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I'm having trouble with passport.js using the local strategy. I have 2 specific problems:

  1. I am not getting persistent sessions to work with example code (see below) for the most basic case.
  2. I want to go sessionless. For the most basic case, on login, I'll pass in a username + password that provides me with a session token, on regular requests I'll use this session token hashed with some other stuff to authenticate. Is this easily done with passport? It seems like passport doesn't offer much in this case and that cooking up my own solution is easier- just login/logout with standard checks, and then a middleware that unhashes request tokens to verify requests. Easy cheezy?

Problem 1:

Using the reference code from the library:


I do a series of commands to show logged out vs logged in:

A. check /account, not logged in

curl -v localhost:3000/account

As expected I get a redirect to /login

<p>Moved Temporarily. Redirecting to <a href="http://localhost:9292/login">http://localhost:3000/login</a></p>

B. login

curl -v -d "username=bob&password=secret"

Also as expected, I get a redirect to /

<p>Moved Temporarily. Redirecting to <a href=""></a></p>

C. check /account, logged in

curl -v localhost:3000/account

What the hell???

<p>Moved Temporarily. Redirecting to <a href="http://localhost:9292/login">http://localhost:3000/login</a></p>
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up vote 6 down vote accepted

In the case of 1, session support requires cookies to be configured on your server side and used by your user agent. Typically this is a browser, which will will transmit the cookies in each request, and the server uses them to restore your login state.

However, the curl commands you are using won't transmit cookies, so each request looks "new" to the server, which is why you see the redirect to login each time. I suspect if you try the same requests in a browser, this will work as expected.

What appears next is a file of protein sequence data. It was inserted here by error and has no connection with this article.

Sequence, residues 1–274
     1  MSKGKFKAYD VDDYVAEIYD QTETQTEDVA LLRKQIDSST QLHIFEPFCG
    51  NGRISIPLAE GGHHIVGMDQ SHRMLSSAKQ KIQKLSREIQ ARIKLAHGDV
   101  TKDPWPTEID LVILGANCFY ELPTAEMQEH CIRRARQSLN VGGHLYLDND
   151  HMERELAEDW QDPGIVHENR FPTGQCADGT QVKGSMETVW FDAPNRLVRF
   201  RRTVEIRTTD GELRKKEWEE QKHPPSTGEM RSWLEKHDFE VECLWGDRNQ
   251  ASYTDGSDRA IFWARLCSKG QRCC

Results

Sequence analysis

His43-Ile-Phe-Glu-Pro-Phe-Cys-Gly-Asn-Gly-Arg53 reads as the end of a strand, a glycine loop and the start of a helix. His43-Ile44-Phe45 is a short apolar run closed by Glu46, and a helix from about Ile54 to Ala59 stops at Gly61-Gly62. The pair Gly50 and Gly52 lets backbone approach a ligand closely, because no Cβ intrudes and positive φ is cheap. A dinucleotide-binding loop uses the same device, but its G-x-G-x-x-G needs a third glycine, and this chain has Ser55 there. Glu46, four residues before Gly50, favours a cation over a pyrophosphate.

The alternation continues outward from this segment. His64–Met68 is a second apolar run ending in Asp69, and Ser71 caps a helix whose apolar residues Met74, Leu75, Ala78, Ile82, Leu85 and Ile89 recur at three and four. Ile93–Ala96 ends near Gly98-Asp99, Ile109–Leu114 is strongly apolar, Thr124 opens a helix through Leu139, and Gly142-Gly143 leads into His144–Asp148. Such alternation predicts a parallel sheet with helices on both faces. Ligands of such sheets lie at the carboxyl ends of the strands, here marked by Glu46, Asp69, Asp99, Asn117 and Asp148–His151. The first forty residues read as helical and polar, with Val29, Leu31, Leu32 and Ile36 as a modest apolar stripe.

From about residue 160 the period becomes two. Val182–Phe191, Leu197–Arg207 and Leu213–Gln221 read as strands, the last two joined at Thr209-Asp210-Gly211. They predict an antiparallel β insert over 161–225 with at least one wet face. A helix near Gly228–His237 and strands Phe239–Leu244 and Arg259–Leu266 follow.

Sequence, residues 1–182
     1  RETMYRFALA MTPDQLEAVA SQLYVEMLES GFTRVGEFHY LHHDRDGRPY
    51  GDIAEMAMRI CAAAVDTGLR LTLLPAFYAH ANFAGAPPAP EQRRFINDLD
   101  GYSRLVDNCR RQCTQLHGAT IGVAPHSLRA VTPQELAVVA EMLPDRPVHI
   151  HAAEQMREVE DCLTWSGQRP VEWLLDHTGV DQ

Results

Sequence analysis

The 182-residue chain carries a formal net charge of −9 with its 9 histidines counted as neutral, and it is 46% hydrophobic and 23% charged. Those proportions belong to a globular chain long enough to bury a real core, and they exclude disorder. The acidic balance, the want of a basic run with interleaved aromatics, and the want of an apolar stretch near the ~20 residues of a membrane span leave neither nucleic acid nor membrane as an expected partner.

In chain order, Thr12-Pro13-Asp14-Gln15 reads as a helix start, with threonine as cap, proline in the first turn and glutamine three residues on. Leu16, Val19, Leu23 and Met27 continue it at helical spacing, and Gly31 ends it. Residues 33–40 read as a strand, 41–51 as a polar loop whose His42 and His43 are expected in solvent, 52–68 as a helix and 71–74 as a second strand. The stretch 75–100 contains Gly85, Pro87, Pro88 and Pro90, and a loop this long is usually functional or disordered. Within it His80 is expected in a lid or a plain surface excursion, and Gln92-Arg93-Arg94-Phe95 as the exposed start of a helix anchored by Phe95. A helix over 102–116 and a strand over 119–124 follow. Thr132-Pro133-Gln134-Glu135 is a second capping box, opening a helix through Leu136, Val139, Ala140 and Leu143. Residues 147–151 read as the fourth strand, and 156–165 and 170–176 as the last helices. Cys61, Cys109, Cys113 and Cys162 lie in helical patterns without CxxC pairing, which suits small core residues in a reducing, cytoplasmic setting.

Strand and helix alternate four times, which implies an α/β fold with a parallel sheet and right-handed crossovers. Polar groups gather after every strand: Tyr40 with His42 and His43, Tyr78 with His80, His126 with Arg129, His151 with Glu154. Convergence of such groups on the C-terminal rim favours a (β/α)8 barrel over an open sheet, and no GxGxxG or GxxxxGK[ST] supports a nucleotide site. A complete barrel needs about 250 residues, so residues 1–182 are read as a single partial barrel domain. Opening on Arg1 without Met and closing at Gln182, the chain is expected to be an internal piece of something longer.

As for 2, I'd need a few more details to suggest a good solution. If you are using HTML and web browsers to access your site, you're going to end up needing something like sessions. You could transmit this info in query parameters each time, rather than cookies, but you'll end up rebuilding a lot of what Express/Connect provides out of the box.

In any case, if you choose to go down that route, Passport provides a clean interface to implement your own authentication strategies. You'll simply need to parse the request for the relevant credentials and look up a user in your database.

API clients are different, and I'd suggest taking a look at Passport's OAuth support, which provides easy ways to authenticate access tokens that are associated with a specific client.

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My system is more or less an API for smartphone clients that login once and then use a session token. I've messed with the OAuth using passport and that worked well; I'll have a look at implementing my own strategy. – nflacco Sep 16 '12 at 23:36
Great to see the creator actively giving support. I'm a casual game developer and passportJS saved me a lot of development time. +1 – Legendre Sep 22 '12 at 20:28

The problem isn't with passport, the curl command needs to store the cookie, so -c and -b parameters should be used to mimic browser behaviour. From curl manpage:

curl -b cookies.txt -c cookies.txt www.example.com

What this command does, is to store cookies in cookies.txt and send cookies reading them from cookies.txt - This is the way curl mimics netscape cookie-jar file format to write and read from.

As for your question per-se, Jared has already answered it!

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